Study Confirms Value Of Print Advertising

A recent study by Southwick & Associates, a leading market research firm from Florida, indicates that among hunters and anglers, magazine/print publications are still their primary media choice for information.  44%  of the hunters and 33% of anglers surveyed placed print media as their primary media source.

25% of anglers selected the Internet as their primary source of information, while 15% of hunters watch hunting-related TV shows as their primary source of media.

Beyond the fishing and hunting categories there are pockets of growth within the print media.  Large city newspapers continue to struggle as the media market becomes increasingly fragmented between cable TV and the Internet.  Subscription numbers continue to plummet nationwide.  However, smaller community and small city newspapers seem to be holding their own.

In fact, even in depressed areas like Bend, Oregon which has suffered through an unprecedented decline in home sales and real estate values, the Bend Bulletin, the city newspaper, is thriving.  This uptick is being played out across the nation as neither cable or Internet sources have yet to unlock the small city, small town news gathering effort.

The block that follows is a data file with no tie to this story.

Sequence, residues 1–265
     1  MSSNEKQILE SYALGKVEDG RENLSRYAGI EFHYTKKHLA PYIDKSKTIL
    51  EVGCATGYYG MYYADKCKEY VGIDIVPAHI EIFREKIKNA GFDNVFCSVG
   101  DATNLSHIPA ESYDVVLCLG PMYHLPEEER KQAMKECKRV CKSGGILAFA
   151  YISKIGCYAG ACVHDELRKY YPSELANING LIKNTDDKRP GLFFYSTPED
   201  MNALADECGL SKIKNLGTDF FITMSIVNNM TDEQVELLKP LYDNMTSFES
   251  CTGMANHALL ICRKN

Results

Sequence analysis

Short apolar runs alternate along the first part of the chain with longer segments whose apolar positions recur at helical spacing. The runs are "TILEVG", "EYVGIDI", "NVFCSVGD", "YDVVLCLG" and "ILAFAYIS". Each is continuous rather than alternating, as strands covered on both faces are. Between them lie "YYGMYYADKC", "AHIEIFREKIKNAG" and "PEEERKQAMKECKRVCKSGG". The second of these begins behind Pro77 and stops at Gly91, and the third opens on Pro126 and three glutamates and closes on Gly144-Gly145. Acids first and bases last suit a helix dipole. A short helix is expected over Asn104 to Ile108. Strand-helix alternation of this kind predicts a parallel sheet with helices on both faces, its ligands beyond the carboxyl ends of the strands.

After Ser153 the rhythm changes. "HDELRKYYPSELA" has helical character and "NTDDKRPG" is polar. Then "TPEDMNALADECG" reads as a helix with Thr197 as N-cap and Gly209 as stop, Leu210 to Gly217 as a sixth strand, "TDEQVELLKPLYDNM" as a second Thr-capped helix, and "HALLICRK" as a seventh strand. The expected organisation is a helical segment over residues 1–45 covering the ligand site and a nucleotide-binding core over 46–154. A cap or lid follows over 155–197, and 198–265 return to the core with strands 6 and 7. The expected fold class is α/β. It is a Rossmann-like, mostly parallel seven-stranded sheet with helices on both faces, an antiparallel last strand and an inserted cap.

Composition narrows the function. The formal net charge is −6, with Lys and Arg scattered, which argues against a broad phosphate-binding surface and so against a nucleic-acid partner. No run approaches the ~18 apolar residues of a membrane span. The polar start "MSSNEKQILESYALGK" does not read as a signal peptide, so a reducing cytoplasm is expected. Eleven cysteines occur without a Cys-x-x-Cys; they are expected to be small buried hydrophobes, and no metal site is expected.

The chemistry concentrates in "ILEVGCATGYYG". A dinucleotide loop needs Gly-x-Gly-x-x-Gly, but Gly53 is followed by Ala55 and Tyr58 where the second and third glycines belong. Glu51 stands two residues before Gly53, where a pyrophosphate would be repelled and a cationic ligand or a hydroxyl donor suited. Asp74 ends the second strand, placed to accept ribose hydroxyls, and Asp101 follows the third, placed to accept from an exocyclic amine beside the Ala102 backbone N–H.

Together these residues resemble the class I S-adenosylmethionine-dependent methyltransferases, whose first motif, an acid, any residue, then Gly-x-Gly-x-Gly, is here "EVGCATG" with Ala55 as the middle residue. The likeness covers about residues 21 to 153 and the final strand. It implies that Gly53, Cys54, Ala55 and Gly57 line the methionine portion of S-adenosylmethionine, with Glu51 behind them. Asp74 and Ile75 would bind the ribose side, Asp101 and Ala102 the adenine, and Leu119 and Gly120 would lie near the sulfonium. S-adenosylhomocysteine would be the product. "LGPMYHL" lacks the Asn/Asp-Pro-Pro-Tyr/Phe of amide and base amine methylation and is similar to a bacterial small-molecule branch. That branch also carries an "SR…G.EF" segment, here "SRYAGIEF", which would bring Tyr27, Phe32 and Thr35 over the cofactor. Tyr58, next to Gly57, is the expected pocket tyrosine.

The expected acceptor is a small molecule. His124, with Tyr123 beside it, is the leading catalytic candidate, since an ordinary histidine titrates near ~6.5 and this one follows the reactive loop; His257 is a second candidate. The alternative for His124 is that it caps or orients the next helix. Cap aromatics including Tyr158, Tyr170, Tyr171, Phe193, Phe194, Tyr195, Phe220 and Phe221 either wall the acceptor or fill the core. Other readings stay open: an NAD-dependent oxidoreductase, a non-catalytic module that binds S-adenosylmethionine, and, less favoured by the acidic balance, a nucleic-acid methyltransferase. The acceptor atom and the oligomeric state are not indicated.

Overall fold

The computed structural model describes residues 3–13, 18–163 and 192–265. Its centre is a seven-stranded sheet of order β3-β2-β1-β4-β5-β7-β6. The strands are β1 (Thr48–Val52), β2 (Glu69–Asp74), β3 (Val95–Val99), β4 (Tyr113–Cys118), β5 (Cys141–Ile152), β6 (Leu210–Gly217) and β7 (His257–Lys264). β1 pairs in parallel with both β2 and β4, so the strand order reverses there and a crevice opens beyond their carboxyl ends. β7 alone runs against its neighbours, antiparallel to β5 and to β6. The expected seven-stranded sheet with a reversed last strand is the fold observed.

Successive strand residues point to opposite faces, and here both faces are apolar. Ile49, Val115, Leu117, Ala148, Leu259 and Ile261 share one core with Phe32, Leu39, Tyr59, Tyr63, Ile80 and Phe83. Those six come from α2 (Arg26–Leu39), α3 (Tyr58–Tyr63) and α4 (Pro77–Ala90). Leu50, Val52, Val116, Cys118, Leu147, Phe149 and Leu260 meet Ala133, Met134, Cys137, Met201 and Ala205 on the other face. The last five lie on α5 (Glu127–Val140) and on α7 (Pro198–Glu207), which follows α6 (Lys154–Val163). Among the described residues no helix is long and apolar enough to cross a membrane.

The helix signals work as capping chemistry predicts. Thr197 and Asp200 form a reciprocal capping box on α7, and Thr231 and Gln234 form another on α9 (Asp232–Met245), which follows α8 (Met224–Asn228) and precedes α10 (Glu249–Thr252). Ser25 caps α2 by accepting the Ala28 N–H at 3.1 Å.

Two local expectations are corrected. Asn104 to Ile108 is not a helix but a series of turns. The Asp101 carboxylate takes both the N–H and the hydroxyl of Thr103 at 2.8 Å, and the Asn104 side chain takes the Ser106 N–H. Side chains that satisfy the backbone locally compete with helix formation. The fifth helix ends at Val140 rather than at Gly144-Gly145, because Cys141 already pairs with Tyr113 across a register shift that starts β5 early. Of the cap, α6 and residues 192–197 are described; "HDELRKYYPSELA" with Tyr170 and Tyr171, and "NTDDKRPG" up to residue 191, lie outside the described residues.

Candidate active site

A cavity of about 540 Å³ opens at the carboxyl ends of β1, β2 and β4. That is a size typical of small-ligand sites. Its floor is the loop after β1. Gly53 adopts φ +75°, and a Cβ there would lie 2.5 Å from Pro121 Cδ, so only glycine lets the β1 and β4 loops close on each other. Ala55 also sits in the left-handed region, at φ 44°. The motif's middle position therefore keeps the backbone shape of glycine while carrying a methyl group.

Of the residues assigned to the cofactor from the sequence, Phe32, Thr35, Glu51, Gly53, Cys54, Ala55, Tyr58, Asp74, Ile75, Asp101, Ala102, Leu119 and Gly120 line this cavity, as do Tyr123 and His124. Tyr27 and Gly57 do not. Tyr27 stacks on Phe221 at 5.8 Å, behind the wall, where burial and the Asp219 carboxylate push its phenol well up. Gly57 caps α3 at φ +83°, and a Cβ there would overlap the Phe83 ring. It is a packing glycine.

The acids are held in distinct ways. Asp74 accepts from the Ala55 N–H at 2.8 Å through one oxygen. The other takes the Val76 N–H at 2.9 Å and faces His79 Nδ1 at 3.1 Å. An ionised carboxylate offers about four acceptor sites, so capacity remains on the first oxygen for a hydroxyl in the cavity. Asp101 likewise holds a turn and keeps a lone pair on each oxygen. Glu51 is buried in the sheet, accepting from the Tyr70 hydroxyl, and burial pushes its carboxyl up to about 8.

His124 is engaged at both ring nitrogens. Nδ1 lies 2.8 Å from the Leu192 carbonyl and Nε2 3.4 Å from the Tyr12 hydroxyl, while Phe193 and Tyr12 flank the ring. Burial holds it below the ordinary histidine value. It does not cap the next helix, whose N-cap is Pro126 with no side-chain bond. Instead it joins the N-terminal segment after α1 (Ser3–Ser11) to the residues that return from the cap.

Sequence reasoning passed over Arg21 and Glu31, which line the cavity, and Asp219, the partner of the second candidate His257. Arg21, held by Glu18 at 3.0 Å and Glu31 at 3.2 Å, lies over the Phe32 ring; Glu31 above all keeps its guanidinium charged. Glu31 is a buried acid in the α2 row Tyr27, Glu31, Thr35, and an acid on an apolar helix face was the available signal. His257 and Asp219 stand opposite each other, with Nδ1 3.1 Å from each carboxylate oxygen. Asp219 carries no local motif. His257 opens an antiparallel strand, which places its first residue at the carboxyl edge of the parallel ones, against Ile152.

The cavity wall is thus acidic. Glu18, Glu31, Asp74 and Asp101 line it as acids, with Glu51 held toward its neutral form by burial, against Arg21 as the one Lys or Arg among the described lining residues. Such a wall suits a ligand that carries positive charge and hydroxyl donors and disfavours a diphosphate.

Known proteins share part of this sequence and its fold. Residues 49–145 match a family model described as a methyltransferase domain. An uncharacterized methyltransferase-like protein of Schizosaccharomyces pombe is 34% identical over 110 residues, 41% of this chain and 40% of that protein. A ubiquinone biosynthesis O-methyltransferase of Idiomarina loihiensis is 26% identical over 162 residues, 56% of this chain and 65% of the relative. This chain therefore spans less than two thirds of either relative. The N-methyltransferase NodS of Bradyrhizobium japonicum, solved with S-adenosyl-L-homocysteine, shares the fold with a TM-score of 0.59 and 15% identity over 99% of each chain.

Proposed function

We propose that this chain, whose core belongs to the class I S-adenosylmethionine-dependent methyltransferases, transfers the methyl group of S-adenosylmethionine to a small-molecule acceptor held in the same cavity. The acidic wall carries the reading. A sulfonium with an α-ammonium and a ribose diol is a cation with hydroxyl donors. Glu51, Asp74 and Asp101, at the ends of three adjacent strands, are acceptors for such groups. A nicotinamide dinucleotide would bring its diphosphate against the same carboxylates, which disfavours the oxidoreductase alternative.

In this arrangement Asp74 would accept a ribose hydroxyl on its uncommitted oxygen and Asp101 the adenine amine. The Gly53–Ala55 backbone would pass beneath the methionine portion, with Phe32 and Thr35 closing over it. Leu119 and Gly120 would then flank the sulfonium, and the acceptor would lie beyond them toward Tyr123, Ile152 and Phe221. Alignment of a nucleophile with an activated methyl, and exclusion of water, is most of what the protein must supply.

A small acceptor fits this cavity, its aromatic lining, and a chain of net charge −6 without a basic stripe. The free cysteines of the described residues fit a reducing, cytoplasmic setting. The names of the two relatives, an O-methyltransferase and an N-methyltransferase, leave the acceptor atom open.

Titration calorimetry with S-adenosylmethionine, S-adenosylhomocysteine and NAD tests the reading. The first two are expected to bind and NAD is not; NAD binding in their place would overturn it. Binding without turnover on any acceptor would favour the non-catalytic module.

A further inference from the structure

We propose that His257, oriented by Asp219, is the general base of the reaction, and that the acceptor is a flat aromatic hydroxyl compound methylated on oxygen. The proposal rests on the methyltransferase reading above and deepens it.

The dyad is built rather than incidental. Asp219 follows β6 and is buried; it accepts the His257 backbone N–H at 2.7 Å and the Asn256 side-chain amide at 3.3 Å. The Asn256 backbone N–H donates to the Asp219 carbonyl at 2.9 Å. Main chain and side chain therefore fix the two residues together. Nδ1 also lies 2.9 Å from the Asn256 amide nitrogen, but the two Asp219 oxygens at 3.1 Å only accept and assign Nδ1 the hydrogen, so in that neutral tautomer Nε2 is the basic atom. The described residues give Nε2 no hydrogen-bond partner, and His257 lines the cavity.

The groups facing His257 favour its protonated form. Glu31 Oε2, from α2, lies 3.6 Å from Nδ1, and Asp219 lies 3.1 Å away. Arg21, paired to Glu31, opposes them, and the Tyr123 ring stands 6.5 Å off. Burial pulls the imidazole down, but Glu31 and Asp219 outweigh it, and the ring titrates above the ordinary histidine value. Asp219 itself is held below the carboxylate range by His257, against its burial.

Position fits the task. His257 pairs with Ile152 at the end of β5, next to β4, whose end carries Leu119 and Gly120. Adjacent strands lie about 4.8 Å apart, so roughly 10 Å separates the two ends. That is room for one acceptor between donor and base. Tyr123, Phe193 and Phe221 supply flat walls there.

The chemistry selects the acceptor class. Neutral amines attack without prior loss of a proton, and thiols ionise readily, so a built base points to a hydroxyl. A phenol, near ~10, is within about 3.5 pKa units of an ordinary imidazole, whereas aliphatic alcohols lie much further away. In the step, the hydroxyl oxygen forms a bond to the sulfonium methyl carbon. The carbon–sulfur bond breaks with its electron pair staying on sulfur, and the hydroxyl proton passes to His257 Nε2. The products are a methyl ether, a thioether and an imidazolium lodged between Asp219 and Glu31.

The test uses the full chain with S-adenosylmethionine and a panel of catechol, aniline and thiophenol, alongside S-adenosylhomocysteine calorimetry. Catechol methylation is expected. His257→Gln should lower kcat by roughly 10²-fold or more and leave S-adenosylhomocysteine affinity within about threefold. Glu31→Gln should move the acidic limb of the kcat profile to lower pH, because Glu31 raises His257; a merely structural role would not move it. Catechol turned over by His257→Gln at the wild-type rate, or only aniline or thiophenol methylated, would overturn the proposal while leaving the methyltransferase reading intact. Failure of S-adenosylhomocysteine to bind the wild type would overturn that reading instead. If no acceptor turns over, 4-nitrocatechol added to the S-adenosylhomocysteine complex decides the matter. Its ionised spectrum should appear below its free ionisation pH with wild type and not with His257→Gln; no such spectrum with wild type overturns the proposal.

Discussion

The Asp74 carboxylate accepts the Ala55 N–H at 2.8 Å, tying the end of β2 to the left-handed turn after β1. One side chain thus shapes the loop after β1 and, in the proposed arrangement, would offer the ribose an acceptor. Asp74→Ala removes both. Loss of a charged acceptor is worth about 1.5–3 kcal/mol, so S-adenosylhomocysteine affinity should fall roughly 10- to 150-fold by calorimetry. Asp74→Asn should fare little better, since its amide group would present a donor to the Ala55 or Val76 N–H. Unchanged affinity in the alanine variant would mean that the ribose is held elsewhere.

BDC Advertising Vice President, Trey Carskadon commented, “Over the past 3 years we’ve been watching this trend closely.  We don’t have a dog in this fight other than to stay abreast of the advertising and information trends that are going to best serve our customers.  The consensus in our office is that the market wants timely, reliable, trusted information.  If they can get it more conveniently or faster through Internet or TV they’ll gravitate in that direction otherwise they’ll wait until the newspaper comes out.  This trend gives small community newspapers a decided advantage over other media.  As news budgets dry up it’s becoming increasingly more difficult for these organizations to have a presence in smaller markets.  More broadly, we believe this signals opportunities within the media and print, especially in specific markets that depend on accurate information, to provide deep, insightful and useful information not found in either TV or Internet resources.  Print still offers the most meaningful opportunity for deciminating the greatest depth of information on a single topic, to specific, targeted audiences.  The Internet has become it’s own worst enemy as viewers have to wade through reams of hyperbole, inaccuracies and conjecture.  It’s wild-west approach to information has marginalized its efficacy as a primary informaton resource on topics that demand clarity, fact and accuracy. The Southwick study confirms what we already believed through our own experience.  Print is still valuable media and a strong Internet presence is equally as essential…it’s all about balance and not putting too many eggs into any one marketing basket.”

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